Opinion: Recognizing progress and opportunities for our railroads during Rail Safety Week
Photo of the East Palestine train derailment from the U.S. EPA.
By Jeff Buddle
The writer is president of the Professional Fire Fighters of Maryland.
Every three hours in the United States a person or vehicle is hit by a train, and 60% of collisions occur at crossings that are equipped with lights and/or gates. More than 2,100 people across North America are injured or killed at crossings every year, most times due to trespassing incidents. To lower these devastating numbers and mitigate safety concerns, Operation Lifesaver leads the collaborative effort of Rail Safety Week to stop these track tragedies.
Given my post as president of the Professional Fire Fighters of Maryland, I am particularly attuned to the seriousness of rail accidents and the necessity for Rail Safety Week. My sole focus is on keeping communities safe, and this educational week is a timely reminder of both the dangers of rail and efforts communities can partake in to educate and mitigate such tragedies.
The general public often hears of major rail disasters, like the East Palestine derailment. And that accident was newsworthy. The gruesome accident still has communities raising contamination concerns seven months later. But most accidents that occur on the tracks don’t make the national news, even though they are just as devastating to communities. I have seen firsthand the pain rail accidents can bring to families and neighbors.
94% of all rail-related fatalities and injuries occur at railroad crossings or are due to trespassing on tracks. According to the Federal Railroad Administration, trespassing along railroad rights-of-way causes more than 400 fatalities nationally each year, and is the leading cause of rail-related deaths in America.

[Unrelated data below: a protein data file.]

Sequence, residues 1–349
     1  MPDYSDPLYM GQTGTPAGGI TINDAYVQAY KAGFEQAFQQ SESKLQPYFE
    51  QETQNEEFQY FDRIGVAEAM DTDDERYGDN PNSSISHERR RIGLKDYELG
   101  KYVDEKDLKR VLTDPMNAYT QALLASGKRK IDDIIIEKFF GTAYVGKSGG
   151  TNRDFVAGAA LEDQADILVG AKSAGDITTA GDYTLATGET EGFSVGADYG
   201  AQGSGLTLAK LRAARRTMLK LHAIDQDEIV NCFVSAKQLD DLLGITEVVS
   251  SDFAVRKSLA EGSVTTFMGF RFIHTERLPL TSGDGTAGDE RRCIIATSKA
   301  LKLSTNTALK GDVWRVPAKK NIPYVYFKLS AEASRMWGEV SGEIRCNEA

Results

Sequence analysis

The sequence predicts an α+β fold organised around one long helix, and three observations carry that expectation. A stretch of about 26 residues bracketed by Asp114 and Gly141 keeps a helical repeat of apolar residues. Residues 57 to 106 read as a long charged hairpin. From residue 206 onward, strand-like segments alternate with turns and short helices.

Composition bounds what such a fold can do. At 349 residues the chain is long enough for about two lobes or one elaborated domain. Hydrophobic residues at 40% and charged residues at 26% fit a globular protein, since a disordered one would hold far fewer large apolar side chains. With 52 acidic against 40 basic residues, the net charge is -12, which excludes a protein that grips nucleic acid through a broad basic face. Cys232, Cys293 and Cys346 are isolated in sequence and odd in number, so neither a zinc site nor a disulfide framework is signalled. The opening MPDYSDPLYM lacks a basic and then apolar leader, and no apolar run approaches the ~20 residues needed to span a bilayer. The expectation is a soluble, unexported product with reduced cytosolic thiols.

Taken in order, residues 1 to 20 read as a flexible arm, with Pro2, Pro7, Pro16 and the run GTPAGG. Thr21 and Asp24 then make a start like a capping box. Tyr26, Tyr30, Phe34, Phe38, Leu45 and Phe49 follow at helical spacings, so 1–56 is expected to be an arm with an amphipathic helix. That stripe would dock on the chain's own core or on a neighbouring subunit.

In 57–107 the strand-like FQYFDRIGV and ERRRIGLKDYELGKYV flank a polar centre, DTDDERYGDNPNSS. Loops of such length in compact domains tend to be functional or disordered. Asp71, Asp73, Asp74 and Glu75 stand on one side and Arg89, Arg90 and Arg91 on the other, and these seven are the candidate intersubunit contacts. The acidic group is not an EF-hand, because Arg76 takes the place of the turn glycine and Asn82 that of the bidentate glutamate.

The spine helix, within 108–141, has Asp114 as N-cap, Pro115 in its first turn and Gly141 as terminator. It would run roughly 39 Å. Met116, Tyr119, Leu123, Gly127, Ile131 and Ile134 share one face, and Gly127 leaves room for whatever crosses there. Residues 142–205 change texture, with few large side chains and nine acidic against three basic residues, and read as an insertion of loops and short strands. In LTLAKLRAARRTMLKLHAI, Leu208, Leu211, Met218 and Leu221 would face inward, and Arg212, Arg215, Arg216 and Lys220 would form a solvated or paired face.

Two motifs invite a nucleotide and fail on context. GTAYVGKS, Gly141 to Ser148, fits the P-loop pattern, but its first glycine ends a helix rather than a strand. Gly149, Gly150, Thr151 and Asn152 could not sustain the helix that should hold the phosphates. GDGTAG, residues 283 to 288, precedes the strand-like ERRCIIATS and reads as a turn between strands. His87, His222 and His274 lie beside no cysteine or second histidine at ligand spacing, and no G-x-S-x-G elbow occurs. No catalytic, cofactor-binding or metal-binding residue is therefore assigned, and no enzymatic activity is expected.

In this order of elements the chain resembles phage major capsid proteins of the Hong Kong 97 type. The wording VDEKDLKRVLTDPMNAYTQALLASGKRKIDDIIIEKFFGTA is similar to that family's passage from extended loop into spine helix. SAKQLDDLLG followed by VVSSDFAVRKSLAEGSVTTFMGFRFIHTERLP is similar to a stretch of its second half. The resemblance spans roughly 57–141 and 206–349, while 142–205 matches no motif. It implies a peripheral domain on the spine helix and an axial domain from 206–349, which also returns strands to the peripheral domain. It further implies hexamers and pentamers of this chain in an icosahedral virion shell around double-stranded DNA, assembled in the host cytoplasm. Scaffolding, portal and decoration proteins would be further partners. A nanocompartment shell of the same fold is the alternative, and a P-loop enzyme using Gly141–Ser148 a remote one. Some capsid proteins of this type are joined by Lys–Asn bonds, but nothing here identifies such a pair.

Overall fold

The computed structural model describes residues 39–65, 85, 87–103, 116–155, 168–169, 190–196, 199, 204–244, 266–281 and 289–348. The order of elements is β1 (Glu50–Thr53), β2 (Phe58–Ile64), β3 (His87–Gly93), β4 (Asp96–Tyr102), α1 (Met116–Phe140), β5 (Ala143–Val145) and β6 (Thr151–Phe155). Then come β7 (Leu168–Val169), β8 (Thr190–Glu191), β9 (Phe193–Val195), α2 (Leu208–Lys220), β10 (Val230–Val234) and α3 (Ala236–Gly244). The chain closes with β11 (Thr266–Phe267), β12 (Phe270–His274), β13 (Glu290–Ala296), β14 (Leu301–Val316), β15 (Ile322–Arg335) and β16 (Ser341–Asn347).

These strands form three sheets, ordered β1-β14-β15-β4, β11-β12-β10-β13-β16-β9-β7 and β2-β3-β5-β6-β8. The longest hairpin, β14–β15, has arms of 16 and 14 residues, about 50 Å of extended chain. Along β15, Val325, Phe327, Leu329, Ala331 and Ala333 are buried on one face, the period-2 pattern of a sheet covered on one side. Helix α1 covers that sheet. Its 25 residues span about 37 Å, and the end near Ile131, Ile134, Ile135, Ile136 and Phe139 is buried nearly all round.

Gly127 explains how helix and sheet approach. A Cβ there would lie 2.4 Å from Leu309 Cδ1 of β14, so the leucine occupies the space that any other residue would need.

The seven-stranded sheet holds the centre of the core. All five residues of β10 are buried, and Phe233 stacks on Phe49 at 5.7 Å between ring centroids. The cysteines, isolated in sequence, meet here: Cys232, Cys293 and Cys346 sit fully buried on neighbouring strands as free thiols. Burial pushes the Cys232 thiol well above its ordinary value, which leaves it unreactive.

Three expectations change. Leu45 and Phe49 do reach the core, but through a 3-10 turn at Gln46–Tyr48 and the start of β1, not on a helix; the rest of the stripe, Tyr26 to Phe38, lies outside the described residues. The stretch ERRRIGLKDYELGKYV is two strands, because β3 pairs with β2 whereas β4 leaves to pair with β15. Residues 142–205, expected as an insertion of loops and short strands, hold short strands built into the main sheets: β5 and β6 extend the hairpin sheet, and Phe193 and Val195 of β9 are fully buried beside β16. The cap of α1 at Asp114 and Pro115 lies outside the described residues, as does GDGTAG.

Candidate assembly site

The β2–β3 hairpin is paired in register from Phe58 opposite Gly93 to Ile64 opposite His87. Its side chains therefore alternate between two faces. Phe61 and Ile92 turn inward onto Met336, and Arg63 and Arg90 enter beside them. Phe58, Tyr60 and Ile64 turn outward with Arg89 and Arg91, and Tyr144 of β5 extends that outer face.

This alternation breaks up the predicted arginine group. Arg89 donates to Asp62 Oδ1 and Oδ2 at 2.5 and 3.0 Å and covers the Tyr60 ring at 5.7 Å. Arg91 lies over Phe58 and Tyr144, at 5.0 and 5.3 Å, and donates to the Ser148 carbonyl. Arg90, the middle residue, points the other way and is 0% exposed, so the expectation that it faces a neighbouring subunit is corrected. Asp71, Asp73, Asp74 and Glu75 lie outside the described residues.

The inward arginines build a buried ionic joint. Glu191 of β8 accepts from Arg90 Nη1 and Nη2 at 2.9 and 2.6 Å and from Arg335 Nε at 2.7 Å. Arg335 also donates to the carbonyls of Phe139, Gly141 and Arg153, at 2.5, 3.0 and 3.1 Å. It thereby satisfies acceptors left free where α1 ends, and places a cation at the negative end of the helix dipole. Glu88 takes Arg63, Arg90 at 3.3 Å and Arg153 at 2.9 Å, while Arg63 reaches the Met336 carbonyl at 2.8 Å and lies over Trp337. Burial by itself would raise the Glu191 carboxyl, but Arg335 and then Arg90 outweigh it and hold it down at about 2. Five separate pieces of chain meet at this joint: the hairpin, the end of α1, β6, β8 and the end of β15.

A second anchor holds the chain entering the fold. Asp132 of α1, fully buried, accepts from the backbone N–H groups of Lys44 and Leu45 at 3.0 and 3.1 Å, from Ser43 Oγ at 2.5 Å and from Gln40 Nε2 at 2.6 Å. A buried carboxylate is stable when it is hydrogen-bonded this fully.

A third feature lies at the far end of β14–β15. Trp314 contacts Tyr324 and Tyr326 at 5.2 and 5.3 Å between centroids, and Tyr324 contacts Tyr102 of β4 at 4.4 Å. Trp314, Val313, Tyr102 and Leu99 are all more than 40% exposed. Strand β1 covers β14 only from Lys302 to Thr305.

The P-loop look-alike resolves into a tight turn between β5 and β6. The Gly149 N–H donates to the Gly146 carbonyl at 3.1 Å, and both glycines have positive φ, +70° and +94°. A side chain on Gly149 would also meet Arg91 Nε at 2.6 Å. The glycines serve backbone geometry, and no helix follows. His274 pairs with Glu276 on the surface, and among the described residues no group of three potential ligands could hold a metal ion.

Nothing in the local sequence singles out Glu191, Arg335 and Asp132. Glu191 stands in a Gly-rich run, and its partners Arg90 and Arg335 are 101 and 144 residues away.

Despite these numbers, the good news is that the trajectory of rail safety in America is overwhelmingly positive.
The American economy is deeply dependent on railroads. Not only are railroads the center of the American experience and part of our nation’s history, but they are also part of our future as well and truly make interstate commerce possible. Railroads support over a million American jobs, paying around $71 billion in wages annually, pay billions in taxes every year, and are corporate citizens donating millions each year to local communities.
Right here in Maryland, CSX and Norfolk Southern both operate throughout Maryland and offer intermodal service through the Port of Baltimore. Just recently, CSX donated $5 million to Baltimore’s B&O Railroad Museum – a big chunk of the eventual $30 million price tag for the upcoming B&O bicentennial celebration. Norfolk Southern has also upped its giving via a new “Thriving Communities” effort.
The importance of railroads couldn’t be clearer. But there’s still work to do. Economic benefits aren’t a substitute for safety; railroads have to stay focused on keeping our rail system safe for all.
As a public safety stakeholder, I’m encouraged by the efforts I have been seeing. Rail Safety Week is a great time to recognize the progress made in recent years, while also thinking about how we can help the railroads do even more. Safety is part of the journey for many industries and should always be a main priority.
Rail transportation stands to play a central role in our daily lives for the foreseeable future, and with continued focus, we can continue to build an even safer rail system to power us forward for years to come.
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